Lauding the Senate confirmation of 37-year-old Vivek Murthy as the youngest ever Surgeon General, more than a year after his nomination, US President Barack Obama has said the Indian-American physician would hit the ground running as the country's top doctor.
"I applaud the Senate for confirming Vivek Murthy to be our country's next Surgeon General. As 'America's Doctor,' Vivek will hit the ground running to make sure every American has the information they need to keep themselves and their families safe," Obama said in a statement.
The Senate confirmed Murthy's nomination by 51 to 43 votes.
He'll bring his lifetime of experience promoting public health to bear on priorities ranging from stopping new diseases to helping our kids grow up healthy and strong, he added.
The President further said Murthy will also help us build on the progress we've made combatting Ebola, both in our country and at its source.
He is the first ever Indian-American to occupy the post. Regarding the tasks at hand for Murthy, Obama said: Combined with the crucial support for fighting Ebola included in the bill to fund our government next year, Vivek's confirmation makes us better positioned to save lives around the world and protect the American people here at home.
Senate majority Leader Harry Reid said: He will make a fine Surgeon General and will be the first Indian-American in this position. As a physician at Brigham and Women's Hospital in Boston, he served his community while also educating the next generation of doctors as an instructor at Harvard Medical School.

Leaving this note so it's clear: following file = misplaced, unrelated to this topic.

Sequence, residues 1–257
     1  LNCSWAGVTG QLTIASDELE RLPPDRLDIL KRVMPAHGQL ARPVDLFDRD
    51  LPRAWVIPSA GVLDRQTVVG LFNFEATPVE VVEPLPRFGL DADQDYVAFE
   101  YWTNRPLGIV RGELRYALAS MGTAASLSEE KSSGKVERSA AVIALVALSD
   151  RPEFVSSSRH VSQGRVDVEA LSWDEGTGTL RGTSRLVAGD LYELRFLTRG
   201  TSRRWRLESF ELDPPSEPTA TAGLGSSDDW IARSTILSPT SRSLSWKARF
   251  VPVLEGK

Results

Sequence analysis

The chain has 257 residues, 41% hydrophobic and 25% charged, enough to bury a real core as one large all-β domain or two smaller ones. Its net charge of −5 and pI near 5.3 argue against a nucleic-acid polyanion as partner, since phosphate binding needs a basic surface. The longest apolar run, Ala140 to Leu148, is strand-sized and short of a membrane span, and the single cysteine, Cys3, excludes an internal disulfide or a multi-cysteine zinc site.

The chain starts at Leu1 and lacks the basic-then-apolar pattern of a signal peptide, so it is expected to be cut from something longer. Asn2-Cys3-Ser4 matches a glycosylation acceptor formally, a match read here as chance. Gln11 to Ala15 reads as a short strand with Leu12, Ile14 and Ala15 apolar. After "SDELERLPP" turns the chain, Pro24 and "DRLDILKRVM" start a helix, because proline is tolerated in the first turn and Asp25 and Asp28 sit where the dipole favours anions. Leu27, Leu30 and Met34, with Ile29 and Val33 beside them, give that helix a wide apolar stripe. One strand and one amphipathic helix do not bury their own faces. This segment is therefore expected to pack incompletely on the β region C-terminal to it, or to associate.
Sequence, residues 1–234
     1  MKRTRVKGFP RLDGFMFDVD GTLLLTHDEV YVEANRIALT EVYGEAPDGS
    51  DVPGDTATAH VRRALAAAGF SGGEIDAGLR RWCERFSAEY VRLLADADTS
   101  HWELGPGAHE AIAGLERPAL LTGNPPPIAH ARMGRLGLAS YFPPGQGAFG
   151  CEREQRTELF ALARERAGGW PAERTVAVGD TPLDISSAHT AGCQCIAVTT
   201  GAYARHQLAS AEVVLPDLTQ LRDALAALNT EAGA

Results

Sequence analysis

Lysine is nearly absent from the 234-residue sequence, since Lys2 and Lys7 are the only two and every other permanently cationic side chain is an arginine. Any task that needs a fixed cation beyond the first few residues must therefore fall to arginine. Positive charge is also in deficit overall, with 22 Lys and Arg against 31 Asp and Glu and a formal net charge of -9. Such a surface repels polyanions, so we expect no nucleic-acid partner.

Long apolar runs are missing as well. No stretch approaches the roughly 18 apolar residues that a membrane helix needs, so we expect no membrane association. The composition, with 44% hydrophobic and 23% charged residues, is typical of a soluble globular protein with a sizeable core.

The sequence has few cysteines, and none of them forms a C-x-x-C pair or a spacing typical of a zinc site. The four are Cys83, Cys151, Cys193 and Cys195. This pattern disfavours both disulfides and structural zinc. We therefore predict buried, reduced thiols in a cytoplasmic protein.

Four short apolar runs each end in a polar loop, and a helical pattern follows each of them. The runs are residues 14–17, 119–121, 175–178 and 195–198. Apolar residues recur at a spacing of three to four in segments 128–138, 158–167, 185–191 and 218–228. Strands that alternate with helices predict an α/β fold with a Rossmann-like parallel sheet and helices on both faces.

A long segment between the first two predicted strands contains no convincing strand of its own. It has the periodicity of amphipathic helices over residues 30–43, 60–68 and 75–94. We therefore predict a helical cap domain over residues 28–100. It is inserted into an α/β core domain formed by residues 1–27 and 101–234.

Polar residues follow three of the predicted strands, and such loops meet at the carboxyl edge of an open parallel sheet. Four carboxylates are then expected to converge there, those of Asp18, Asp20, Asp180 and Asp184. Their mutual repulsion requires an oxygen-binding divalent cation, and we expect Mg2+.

The Indian-American community, a number of top lawmakers and anti-gun lobbying groups welcomed Senate's decision noting that this was long awaited and this has resulted in defeat of the strong pro-gun lobby group represented by the powerful National Rifle Association.
His (Dr Murthy's) confirmation is an epic victory for all Americans, said M R Rangaswami, founder of Indiaspora, who had led the community's effort in support of Murthy at the Capitol Hill along with other Indian-Americans and the influential Asian American Physician of Indian Origin (AAPI).
This process will be a case study on how Indian Americans came together to stand up for someone in our community who deserved to be confirmed months ago. It demonstrates our growing strength and influence when we come together for a common objective, he said.
"I hope that this victory will be a catalyst for our community to become more engaged with public issues in the future, he added. It is a great day for the Indian American community," said eminent Indian-American Shekar Narasimhan, who along with a number of other community leaders were present in the Senate Gallery during the voting.